The thing to note here is that in terms of market undervaluation, the amount of undervaluation was not much, if any. Perhaps when I bought the home at the nadir in the market, I may have underpaid by 5-10%. But when the market went beserk, the valuations were nearly 100% over any rational value.
And the reason why this is so is simple. When real screaming bargains are out there, smart folks snap them up. When I visited Cape Coral two years ago, listings in hand, everything was SOLD by the time I got there. Houses that had sold for $500,000 two years before were sold for $75,000, and not surprisingly, they didn't sit on the market for more than a day or two. Bargains do not languish on the market unsold.
And this is why the price differential and the depreciation differential between US Automakers and Foreign makes is so pronounced. No one thinks a used Malibu is a "bargain" and rushes out to get one. Perhaps the market might be undervaluing American Iron somewhat, due to legacy concerns with quality, poor design, poor styling, and poor assembly (concerns that are, to some extent, extant) but this would only account for some of the price differential.
If the market irrationally priced these vehicles, then bargain-hunters would be snapping them up, which in turn would increase demand and thus increase prices. But it ain't happening.
Markets may over-value some commodities on occasion, but often these over-valuations (like with Gold today) are corrected - eventually. But rarely do market valuations under-value a commodity by very much. Thus, it is hard to make money by looking for "bargains" to resell at market value. However, it is very easy to re-sell something bought at market value for an inflated value, if you can get the great unwashed masses to over-valuate what you are selling.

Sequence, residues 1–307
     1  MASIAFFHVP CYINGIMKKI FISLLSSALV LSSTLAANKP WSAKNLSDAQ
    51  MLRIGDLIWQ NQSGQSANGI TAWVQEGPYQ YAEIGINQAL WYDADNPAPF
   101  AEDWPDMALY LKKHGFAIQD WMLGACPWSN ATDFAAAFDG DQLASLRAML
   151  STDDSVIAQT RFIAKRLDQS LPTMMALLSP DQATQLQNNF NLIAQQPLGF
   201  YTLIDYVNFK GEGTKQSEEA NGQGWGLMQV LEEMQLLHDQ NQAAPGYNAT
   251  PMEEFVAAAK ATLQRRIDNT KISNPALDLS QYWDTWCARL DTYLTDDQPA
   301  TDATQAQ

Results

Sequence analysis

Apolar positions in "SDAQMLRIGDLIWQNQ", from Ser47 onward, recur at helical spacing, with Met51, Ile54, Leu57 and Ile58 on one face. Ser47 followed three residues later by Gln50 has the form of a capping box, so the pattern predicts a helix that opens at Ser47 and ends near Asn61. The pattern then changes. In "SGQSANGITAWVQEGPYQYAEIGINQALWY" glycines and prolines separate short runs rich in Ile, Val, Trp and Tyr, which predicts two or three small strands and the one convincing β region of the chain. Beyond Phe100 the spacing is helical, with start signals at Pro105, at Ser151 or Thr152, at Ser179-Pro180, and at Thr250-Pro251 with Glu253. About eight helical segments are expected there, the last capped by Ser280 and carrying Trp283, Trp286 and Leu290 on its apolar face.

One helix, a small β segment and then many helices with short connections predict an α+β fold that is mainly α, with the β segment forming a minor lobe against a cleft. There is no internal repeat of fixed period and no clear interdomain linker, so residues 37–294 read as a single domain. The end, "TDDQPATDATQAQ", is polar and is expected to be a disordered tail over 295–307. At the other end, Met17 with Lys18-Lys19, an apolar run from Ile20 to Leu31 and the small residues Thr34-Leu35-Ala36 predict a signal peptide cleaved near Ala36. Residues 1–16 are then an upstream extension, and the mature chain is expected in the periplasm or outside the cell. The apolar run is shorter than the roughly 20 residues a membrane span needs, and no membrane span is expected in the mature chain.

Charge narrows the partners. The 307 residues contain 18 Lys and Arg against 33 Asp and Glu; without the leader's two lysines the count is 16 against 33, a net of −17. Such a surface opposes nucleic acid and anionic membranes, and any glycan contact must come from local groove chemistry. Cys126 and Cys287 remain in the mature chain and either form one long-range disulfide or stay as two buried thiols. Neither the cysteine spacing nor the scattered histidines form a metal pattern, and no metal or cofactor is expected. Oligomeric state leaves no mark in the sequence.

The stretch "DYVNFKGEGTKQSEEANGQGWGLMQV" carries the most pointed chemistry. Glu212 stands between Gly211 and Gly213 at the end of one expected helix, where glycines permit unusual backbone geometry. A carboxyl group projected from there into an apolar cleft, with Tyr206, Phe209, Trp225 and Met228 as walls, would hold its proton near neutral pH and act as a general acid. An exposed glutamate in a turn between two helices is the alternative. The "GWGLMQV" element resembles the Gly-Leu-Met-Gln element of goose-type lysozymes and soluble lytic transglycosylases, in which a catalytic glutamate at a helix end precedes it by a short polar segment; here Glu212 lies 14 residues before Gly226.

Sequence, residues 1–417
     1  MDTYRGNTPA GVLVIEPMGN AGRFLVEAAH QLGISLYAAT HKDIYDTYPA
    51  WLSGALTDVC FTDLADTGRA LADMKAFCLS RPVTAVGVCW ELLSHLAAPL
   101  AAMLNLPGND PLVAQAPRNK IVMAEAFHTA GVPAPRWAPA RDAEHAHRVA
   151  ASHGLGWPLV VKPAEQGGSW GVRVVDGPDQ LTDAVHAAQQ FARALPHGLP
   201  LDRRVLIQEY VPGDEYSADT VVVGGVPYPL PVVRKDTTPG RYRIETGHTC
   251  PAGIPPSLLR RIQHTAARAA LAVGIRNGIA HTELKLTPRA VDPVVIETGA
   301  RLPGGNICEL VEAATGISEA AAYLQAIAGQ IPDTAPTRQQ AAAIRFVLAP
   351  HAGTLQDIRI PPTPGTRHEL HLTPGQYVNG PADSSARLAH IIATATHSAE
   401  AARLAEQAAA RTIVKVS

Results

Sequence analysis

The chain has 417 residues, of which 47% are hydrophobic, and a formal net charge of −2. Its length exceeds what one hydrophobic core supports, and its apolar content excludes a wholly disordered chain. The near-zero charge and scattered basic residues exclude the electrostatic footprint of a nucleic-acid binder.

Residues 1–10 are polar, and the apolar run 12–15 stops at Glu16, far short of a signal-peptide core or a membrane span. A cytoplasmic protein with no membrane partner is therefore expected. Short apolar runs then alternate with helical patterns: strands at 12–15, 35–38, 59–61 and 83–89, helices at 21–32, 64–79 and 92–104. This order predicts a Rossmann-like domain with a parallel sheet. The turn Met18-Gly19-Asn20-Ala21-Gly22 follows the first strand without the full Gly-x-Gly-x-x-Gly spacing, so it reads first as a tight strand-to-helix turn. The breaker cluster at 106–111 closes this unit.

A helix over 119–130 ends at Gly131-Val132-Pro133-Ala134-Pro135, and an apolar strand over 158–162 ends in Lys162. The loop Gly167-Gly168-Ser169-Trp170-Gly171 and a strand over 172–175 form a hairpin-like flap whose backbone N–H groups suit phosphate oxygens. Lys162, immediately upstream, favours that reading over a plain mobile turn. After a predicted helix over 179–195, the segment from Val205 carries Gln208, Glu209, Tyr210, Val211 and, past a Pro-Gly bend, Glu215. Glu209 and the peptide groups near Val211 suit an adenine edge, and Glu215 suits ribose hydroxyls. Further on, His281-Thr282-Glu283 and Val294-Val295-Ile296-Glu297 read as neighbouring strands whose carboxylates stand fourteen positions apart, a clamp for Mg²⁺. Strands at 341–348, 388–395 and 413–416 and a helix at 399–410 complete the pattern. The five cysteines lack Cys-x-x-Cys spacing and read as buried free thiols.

And that, in short, is how people make money selling Timeshares, New Cars, Condos, and other bad bargains. They don't "buy low, sell high" - they buy at a normal price and sell at an inflated price. The poor sucker who falls for this ends up with a loss, right off the bat!
The used car dealer is a case in point. He buys cars at trade-in prices, which are what you'd get for selling your car in a private party sale or as a trade-in. This is the real market value of the car. The car dealer isn't getting a "steal" on a used car, merely paying market value.
Where he makes his money is in convincing a buyer that the car is worth more than this market value. By using high-pressure sales tactics, offering financing, etc. he can convince some poor slob than an 11-year-old Firebird is worth over KBB book value.
The secret, for the consumer, is to understand real market values, and be able to distinguish them from inflated values. You need not seek out "screaming deals" but rather ordinary bargains. Buy a car from a person, you pay market value, which is 20% less than what the dealer charges.
Whenever you purchase something, ask yourself what the market value of that item is - what that item would sell for, 10 seconds after you purchased it. Chances are, the answer is a number far less than the retailer wants you to pay. And if you can score such a bargain - and the Internet makes this easy - you can save yourself a ton of dough.